When to use cross spectral density versus cross correlation?

All my life, I've used cross-correlation to analyze the strength of the relationship between an input signal and the output signal. I use this to determine which input signal most closely influences the output signal:

Yesterday, a friend told me that he uses cross spectral density (same as coherence, he say).

To my interpretation, they seem to quantify the same thing.

When would someone use one over the other?

• I believe the difference is the cross-correlation is in the time domain, while the cross spectral density is in the frequency domain. If I wanted to know how signals related to other signals versus time delay, I would use the cross-correlation function. If I wanted to know how signals related to other signals versus frequency, I would use cross spectral density. See this post as well: dsp.stackexchange.com/questions/10369/… – Dan Boschen Feb 26 '17 at 16:28
• I looked at the other source you posted a [link]. The answer by @forsker_for_dsp says "For Fourier who has as basis functions the sinusoid that extends infinite in time, power spectral density is the correct term. For wavelets, who has basis functions as finite in time deflections, we should use 'energy'." This doesn't make sense to me. If you use power for infinite signals, then you'd be dividing by infinity (because power is energy over time). Isn't it the other way around? Don't we want to use power for signals with finite support, and energy for signals with infinite support? – simple Feb 26 '17 at 23:55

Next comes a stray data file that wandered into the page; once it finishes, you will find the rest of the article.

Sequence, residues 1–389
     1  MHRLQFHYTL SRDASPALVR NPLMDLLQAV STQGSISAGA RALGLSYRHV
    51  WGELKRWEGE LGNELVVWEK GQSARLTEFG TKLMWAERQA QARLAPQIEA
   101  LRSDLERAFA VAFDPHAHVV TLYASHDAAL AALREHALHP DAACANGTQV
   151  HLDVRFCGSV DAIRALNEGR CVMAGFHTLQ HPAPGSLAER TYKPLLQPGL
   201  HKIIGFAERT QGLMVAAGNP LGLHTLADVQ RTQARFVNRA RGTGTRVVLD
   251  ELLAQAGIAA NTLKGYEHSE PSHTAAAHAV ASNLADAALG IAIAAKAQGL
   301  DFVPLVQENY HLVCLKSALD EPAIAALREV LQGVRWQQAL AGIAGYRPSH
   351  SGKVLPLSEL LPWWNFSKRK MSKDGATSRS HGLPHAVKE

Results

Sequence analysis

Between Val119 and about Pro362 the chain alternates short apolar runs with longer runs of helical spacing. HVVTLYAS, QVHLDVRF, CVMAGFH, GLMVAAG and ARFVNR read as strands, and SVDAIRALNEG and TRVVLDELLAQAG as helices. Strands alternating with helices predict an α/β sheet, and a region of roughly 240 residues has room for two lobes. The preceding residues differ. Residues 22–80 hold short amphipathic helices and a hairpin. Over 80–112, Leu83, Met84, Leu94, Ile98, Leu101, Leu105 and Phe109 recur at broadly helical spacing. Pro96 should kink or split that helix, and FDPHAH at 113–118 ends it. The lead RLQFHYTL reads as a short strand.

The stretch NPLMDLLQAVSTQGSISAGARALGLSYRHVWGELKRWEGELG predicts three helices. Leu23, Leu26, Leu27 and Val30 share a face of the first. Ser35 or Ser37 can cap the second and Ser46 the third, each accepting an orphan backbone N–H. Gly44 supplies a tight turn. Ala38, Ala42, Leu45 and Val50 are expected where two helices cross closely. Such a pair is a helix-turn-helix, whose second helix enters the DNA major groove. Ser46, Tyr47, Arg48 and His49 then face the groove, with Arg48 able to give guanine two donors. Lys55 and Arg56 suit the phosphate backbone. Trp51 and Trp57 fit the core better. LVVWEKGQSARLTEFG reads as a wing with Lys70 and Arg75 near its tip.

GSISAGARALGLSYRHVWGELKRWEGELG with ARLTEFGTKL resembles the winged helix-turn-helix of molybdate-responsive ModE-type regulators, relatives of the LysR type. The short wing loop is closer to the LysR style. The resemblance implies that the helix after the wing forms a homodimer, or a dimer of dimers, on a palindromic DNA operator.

• It is because these are "densities" not total power; if you have the power spectral density and it was flat for example, the density is given in dBm/Hz (for a dB quantity of power), and we would need to multiply by the BW to get the total power. – Dan Boschen Feb 26 '17 at 23:59
• If you post this as a well-formed answer, i'll accept. thanks. – simple Mar 2 '17 at 23:30